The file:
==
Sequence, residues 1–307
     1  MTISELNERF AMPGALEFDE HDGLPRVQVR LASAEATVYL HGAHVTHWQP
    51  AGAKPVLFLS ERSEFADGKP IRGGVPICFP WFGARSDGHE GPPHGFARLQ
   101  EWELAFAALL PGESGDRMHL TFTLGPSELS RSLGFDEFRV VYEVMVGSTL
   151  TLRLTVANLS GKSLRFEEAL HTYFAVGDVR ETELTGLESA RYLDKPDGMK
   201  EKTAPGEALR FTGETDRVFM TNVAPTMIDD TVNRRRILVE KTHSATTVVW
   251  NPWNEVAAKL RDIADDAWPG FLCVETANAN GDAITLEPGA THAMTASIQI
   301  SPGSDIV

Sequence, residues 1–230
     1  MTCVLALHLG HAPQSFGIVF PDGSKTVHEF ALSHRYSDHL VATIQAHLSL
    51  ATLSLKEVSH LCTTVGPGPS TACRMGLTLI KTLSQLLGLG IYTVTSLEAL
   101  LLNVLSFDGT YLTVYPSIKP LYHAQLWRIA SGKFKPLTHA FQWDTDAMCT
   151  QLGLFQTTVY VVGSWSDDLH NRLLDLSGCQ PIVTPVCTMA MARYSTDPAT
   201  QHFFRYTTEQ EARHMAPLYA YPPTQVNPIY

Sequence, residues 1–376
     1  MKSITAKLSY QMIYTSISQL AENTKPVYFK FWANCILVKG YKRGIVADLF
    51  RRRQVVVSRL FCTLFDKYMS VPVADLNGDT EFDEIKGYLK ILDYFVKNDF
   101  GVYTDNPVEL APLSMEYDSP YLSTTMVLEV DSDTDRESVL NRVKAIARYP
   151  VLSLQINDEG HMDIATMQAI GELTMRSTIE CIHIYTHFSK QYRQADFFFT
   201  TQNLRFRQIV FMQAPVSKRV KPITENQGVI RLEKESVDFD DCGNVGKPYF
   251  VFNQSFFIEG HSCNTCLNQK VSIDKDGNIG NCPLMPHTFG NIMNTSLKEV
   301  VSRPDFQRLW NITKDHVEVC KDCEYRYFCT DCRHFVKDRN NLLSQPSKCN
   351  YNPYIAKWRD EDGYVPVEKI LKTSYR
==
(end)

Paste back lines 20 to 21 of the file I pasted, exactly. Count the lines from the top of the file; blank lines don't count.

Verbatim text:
   201  TQNLRFRQIV FMQAPVSKRV KPITENQGVI RLEKESVDFD DCGNVGKPYF
   251  VFNQSFFIEG HSCNTCLNQK VSIDKDGNIG NCPLMPHTFG NIMNTSLKEV